The ESET research team that found the software had this to say about it:
“Due to narrow targeting and flaws in both execution of the campaign and implementation of its encryption, the impact of this new ransomware is limited.
If your system is infected, the first thing it will do is raid your contacts list and send SMS text messages to everyone on it. Anybody who clicks on the link in the SMS message will also be infected.
After sending a flurry of messages, the malware will turn its attention to your device itself. It will then set about the task of encrypting most of the files on your device. Fortunately, the people behind this new threat prove themselves to be new to the game.”
“After the ransomware sends out this batch of malicious SMSes, it encrypts most user files on the device and requests a ransom. Due to flawed encryption, it is possible to decrypt the affected files without any assistance from the attacker.”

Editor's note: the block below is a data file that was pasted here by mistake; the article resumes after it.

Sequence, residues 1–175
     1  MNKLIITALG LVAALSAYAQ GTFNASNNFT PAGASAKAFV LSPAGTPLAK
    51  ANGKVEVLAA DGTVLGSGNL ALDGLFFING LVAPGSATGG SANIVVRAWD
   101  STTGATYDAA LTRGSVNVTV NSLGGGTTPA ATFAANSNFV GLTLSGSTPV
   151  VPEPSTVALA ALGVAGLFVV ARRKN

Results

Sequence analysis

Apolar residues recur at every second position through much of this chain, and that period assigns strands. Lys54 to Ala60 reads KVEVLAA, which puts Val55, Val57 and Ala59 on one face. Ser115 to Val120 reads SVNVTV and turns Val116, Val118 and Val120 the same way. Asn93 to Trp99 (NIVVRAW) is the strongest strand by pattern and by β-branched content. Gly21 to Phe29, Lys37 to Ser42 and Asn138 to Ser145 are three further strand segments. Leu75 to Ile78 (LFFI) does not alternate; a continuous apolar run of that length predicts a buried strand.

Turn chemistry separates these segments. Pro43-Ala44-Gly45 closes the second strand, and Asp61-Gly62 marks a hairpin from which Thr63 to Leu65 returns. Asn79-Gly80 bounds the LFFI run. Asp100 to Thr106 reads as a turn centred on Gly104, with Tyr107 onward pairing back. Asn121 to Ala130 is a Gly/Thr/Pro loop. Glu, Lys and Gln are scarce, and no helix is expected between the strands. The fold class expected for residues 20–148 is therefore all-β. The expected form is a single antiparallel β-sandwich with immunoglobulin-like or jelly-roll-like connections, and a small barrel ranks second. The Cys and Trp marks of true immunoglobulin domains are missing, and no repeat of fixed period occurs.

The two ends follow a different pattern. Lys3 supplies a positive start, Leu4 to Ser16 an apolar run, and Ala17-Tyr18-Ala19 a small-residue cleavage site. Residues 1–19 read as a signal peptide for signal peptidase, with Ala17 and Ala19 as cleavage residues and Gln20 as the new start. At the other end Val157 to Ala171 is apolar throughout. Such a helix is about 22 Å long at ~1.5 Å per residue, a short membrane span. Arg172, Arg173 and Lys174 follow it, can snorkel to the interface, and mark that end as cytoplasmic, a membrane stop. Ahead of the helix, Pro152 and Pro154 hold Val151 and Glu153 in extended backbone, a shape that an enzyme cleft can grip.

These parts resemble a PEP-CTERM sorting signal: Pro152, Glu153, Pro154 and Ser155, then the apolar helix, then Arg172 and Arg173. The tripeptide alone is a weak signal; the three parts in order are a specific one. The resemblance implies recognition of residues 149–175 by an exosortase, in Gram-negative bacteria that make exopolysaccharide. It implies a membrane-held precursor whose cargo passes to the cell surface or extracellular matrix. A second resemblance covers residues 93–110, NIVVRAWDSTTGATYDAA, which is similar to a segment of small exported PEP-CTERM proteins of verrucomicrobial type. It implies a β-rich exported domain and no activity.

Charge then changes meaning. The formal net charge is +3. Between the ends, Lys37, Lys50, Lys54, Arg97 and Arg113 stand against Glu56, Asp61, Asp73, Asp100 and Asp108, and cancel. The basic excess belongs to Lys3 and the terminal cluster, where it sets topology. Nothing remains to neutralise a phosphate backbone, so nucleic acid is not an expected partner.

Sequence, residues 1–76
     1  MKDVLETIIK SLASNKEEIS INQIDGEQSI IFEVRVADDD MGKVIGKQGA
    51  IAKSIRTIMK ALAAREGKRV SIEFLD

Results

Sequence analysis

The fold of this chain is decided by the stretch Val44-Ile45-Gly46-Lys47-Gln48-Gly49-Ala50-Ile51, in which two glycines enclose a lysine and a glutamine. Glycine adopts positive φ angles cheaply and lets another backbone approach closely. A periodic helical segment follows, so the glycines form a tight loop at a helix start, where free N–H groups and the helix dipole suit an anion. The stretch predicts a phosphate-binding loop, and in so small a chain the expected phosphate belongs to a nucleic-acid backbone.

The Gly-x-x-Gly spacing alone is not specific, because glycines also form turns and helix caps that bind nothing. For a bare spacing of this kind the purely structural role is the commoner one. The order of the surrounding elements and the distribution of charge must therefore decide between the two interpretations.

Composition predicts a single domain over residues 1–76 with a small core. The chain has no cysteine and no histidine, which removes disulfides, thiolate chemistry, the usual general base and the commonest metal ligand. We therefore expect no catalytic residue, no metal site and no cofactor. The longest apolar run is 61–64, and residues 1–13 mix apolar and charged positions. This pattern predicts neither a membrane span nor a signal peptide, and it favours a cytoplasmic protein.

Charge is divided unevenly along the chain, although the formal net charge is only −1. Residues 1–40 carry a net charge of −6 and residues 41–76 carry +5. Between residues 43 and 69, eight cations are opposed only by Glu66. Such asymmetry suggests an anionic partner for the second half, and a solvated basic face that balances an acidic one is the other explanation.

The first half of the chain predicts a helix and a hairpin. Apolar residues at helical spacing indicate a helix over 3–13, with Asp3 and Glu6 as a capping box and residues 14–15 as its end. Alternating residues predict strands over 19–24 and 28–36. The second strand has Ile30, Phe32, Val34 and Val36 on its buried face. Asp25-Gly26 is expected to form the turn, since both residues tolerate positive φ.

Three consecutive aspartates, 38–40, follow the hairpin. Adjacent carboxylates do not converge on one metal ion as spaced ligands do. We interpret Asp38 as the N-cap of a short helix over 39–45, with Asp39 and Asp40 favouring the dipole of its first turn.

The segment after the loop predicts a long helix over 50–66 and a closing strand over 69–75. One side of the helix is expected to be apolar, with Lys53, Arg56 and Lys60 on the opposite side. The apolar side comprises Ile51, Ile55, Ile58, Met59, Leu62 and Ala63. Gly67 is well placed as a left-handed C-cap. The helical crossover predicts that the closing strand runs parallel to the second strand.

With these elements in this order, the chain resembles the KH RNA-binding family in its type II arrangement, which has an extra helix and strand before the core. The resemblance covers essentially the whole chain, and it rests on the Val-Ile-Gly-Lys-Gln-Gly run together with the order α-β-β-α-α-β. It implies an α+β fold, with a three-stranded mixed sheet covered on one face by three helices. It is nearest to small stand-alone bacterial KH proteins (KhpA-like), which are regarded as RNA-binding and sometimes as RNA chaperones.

All in all, this issue is only of minor concern. It’s annoying, and certainly time consuming to restore your files. However, it’s not an especially dangerous malware strain – yet, and that’s the problem.
Whomever is behind this new threat certainly has the right idea, even if they lack the technical chops to pull it off. Skills, however, can be learned and honed. As a first try, this effort is disturbing because it’s clever. The moment the people who wrote the code get the technical skills to pair with that cleverness, they’re going to be genuinely dangerous.